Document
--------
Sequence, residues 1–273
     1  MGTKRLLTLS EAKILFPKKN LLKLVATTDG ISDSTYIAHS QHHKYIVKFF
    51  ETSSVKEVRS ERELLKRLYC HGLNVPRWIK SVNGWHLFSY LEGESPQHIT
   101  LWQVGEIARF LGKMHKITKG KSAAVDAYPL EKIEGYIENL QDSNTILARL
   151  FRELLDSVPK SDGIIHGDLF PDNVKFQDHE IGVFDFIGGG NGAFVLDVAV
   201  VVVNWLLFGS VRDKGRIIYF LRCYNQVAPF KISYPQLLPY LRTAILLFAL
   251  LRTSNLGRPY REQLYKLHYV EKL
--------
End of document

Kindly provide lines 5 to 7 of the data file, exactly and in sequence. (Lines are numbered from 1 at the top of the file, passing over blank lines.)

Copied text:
   151  FRELLDSVPK SDGIIHGDLF PDNVKFQDHE IGVFDFIGGG NGAFVLDVAV
   201  VVVNWLLFGS VRDKGRIIYF LRCYNQVAPF KISYPQLLPY LRTAILLFAL
   251  LRTSNLGRPY REQLYKLHYV EKL